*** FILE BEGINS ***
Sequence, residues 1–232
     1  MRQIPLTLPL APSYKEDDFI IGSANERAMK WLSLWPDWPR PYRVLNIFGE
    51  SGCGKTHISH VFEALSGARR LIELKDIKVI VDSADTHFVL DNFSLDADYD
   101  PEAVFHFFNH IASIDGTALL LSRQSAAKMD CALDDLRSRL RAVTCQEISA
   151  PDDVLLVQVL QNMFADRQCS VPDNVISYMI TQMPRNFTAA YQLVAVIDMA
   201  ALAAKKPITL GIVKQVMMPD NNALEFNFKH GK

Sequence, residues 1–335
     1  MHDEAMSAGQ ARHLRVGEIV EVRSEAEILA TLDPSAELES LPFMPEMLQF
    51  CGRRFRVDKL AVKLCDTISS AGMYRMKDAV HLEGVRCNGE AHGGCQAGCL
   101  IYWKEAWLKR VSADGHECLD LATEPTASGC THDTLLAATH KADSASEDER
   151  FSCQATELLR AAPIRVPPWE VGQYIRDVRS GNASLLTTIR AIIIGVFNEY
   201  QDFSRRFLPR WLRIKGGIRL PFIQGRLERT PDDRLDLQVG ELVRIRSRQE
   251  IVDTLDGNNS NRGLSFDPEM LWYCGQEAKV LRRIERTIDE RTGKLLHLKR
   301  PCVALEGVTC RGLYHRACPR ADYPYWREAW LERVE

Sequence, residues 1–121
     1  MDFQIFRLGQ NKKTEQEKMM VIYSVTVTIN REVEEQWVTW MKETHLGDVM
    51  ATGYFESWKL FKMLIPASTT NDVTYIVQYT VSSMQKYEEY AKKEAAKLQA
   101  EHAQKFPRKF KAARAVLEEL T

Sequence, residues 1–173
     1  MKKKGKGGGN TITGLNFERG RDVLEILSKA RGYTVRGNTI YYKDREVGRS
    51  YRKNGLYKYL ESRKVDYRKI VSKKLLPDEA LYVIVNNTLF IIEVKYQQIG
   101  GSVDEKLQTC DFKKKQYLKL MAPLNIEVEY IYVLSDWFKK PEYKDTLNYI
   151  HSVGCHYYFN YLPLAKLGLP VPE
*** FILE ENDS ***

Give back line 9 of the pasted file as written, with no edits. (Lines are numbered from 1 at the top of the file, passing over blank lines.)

    51  CGRRFRVDKL AVKLCDTISS AGMYRMKDAV HLEGVRCNGE AHGGCQAGCL